Campfire cooking

Plan ahead, prep at home, enjoy

I'm not sure why I love camping so much. It's quite an effort, especially when kids are involved. Yet each year when the frenetic pace of summer relaxes into the steady amble of autumn, I simply cannot wait to make the lists and haul out the gear and prep the food and get outside for the weekend. At some point I'll wonder why I'm doing all of this and grumble that it takes a lot of work to recreate, but once we're set up, the magic of the woods takes over and it all seems worth it.

While the magic is real, so is the preparation and planning required to cast its spell. My camp cooking has shifted over the years from luxe grilled salmon for two to more family-friendly and budget-friendly meals that require little more than pulling packets out of the cooler and heating them on the grill. This method involves a lot of foil and some work on the front end, but the result is worth it. Beyond camping, this foil-wrapped kind of meal prep is useful at home too, whether you're getting a jump on the week ahead or entertaining guests.

Use heavy-duty foil when preparing these recipes; regular foil will tear too easily. All these recipes should be cooked over a medium fire, which can be gauged by holding your hand about five inches over the grill grate (about the height of a soda can). If you pull your hand away in two to four seconds, the heat is high; if you can hold your hand for five to seven seconds, the heat is medium.

Campfire French toast

3 cups day-old French bread, cut into cubes
4 eggs
½ cup half and half
¼ cup maple syrup (plus more for serving)
½ teaspoon cinnamon
A pinch of salt
2 tablespoons butter
½ cup berries or chopped nuts, optional

At home, place the cubed bread in a gallon zip-top bag.

Combine the eggs, milk, syrup, cinnamon and salt and mix well. Transfer to a pint jar to pack in the cooler. (This mixture can be frozen.)

At the campsite, add the egg mixture to the bread cubes in the bag, mix gently and set aside for a few minutes. Roll out a piece of aluminum foil about 16 inches long and spread it with one tablespoon of the butter, leaving a one-inch border around the edge of the foil. Repeat this with a second piece.

Dump the bread mixture onto the first piece of foil and spread it over the buttered area. Place the second piece of foil buttered side down over the bread mixture and crimp the edges to seal. Place the packet over a medium fire and cook for 8 to 10 minutes, flipping once and cooking another 8 minutes. Let cool for 5 minutes before carefully opening.

Make-ahead breakfast sandwiches

10 eggs
¾ cup half and half
Salt and pepper to taste
2 tablespoons melted butter
6 English muffins
6 slices bacon or ham (optional)
6 slices cheese, preferably American

Preheat the oven to 350 degrees and lightly spray a 9x13 glass baking dish with cooking spray. Beat together the eggs and cream and add a pinch of salt and black pepper to taste. Bake the eggs in a preheated oven for about 30 minutes until the eggs are slightly puffed and barely jiggly. Set aside to cool.

While the eggs are baking, brush each half of the English muffins with melted butter and place on a baking sheet. When the eggs come out of the oven, raise the oven heat to 375 degrees. Transfer the muffins to the oven and bake until lightly toasted. Remove from the oven and let cool.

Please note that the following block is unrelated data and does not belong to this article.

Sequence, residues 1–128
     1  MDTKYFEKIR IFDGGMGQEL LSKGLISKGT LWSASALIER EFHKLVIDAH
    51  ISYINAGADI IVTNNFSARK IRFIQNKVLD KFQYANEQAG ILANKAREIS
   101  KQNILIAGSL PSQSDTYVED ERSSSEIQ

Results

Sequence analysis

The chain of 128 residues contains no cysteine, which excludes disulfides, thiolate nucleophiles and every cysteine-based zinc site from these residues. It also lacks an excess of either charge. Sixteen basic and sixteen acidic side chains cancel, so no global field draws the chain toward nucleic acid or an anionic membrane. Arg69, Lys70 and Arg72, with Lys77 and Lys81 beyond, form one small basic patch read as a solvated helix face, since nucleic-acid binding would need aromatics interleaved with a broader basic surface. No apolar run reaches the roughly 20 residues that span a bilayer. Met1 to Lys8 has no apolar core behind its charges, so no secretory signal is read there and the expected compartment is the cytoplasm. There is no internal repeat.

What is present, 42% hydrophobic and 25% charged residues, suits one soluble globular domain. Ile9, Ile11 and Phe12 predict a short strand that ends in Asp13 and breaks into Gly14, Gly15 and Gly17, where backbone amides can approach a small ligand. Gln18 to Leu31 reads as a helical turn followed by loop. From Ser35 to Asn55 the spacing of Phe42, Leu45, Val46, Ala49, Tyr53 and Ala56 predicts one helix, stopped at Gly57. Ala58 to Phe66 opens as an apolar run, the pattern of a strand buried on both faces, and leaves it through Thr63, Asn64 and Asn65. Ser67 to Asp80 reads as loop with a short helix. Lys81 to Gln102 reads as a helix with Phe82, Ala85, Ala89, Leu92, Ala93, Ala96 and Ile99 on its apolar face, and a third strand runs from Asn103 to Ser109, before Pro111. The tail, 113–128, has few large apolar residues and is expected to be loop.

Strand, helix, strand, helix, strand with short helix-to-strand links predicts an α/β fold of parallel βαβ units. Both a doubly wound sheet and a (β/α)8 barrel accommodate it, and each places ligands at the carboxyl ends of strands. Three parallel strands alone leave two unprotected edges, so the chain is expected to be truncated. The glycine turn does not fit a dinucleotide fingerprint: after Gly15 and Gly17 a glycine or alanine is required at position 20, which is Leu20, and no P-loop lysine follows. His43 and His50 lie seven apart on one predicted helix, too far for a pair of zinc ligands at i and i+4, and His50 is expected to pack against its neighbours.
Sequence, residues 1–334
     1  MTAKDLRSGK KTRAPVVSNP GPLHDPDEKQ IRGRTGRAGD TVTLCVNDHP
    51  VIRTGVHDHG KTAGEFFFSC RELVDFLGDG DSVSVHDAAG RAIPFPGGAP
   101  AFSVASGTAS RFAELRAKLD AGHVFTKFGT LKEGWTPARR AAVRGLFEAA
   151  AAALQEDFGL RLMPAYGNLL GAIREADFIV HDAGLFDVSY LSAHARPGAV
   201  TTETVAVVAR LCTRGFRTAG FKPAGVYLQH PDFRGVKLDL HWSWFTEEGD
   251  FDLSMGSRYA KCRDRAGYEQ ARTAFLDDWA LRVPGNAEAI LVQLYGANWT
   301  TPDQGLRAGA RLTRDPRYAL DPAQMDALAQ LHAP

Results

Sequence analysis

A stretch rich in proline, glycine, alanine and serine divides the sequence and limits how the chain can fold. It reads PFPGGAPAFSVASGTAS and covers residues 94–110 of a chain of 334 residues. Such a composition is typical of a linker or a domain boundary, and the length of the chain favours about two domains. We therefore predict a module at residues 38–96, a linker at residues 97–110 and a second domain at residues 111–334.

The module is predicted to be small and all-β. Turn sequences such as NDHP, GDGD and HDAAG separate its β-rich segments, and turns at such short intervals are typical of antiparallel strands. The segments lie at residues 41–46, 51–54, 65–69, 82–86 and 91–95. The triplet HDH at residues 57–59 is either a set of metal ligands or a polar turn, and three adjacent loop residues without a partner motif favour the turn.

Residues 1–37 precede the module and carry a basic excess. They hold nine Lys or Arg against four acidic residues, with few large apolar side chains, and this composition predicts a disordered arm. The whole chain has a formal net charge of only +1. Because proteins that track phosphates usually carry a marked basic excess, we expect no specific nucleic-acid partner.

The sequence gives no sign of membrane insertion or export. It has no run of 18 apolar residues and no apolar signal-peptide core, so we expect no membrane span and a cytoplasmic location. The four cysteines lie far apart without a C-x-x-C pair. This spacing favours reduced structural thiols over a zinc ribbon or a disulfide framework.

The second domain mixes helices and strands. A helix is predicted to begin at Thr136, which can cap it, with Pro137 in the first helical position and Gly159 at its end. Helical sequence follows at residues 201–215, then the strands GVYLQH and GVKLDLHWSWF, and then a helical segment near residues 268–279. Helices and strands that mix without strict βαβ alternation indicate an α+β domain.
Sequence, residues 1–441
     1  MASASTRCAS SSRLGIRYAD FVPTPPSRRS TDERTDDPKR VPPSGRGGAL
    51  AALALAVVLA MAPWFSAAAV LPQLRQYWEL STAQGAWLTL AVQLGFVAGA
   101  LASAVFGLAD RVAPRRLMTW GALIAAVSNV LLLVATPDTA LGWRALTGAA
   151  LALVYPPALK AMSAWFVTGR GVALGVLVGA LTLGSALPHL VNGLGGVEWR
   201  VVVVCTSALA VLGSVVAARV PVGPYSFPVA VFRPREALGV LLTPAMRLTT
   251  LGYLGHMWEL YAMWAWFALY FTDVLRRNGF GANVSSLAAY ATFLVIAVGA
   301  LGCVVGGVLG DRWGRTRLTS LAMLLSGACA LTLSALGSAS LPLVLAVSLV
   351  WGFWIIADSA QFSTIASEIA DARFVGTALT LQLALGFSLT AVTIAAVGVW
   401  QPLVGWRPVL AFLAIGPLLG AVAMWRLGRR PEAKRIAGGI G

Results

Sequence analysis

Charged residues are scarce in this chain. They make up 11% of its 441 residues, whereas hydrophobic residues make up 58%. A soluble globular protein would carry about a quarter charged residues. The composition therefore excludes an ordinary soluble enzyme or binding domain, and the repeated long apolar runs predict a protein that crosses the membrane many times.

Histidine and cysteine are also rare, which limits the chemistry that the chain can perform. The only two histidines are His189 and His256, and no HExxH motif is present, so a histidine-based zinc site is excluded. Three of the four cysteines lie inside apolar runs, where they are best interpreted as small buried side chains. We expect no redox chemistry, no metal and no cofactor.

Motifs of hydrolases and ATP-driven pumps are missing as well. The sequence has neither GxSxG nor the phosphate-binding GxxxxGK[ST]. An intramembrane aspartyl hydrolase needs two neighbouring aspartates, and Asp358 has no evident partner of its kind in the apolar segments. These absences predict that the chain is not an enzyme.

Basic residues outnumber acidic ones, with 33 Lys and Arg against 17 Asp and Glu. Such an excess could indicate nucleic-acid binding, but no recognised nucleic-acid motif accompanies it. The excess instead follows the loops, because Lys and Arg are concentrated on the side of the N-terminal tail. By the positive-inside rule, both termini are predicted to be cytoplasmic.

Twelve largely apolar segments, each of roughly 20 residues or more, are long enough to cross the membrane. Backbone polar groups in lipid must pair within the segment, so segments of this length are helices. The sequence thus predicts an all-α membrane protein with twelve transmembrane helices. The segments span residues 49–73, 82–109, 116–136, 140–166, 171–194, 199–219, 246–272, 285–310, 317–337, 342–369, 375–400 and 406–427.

Use a biscuit cutter or glass to cut six rounds of egg. Line up the muffin bottoms and place half a slice of cheese, a circle of egg, a slice of bacon or ham, if using, and another half slice of cheese on each before placing on the buttered tops. Wrap each sandwich in a square of heavy-duty foil. Refrigerate for up to 3 days or freeze in a zip-top bag and store up to one month.

The sandwiches can be reheated in the microwave from frozen (remove the foil and wrap in a paper towel) on full power for about one minute. To reheat in an oven or campfire, allow sandwiches to thaw first before baking in a 375-degree oven for 8 to 10 minutes, or by placing over a medium campfire for about three to four minutes per side.

Campfire shrimp and sausage jambalaya

8 ounces andouille or smoked sausage, sliced into half moons
½ cup each chopped onion and green bell pepper
3 cloves minced garlic
3 cups cooked brown rice, cold
1 14.5-ounce can fire-roasted tomatoes
½ teaspoon each granulated onion and garlic
1 teaspoon each dried Italian herb blend and paprika
Salt, black pepper and cayenne to taste
1 pound small raw shrimp, peeled and deveined
Soft butter, for greasing foil

At home, sauté the sausage in a skillet over medium-high heat until lightly browned, then transfer to a mixing bowl. Add the diced vegetables and garlic and sauté until fragrant and slightly softened, then add to the sausage in the mixing bowl. Set aside and allow to come to room temperature. When cool, add the cold cooked rice, tomatoes and seasonings. Taste and adjust salt and pepper as needed. Add the shrimp and mix well.

Butter the middle of a 12-inch by 18-inch piece of heavy-duty foil, leaving a 2-inch border around the edge. Place a quarter of the rice in the center of the foil then bring up the sides and double-fold the top and ends to create a packet, making sure to leave some room for heat to circulate. Place in a zip-top bag for secure storage in the ice chest and cook within 1-2 days.

Place on a medium-hot campfire and cook for 5-6 minutes per side, turning once, until the shrimp are cooked through. If you open it and the shrimp are not yet pink, rewrap the packet and return to the grill for a few minutes more.

Ashley Meyer

Ashley Meyer has been cooking as long as she has been walking. The daughter of beloved former Illinois Times food columnist, Julianne Glatz, Ashley offers a fresh, inspired take on her mother’s culinary legacy. Ashley studied winemaking at Lincoln University in Christchurch, New Zealand and recently achieved the...

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